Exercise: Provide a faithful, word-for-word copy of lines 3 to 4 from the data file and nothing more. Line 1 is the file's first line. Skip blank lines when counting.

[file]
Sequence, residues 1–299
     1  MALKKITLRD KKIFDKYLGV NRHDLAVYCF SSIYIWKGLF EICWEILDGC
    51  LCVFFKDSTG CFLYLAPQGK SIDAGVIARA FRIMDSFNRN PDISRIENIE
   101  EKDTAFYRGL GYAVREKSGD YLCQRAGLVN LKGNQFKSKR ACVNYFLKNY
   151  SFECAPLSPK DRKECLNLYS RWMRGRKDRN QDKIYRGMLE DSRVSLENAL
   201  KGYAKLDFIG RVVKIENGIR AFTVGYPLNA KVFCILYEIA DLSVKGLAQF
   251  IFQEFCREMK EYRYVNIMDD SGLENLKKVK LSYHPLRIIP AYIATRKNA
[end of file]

    51  LCVFFKDSTG CFLYLAPQGK SIDAGVIARA FRIMDSFNRN PDISRIENIE
   101  EKDTAFYRGL GYAVREKSGD YLCQRAGLVN LKGNQFKSKR ACVNYFLKNY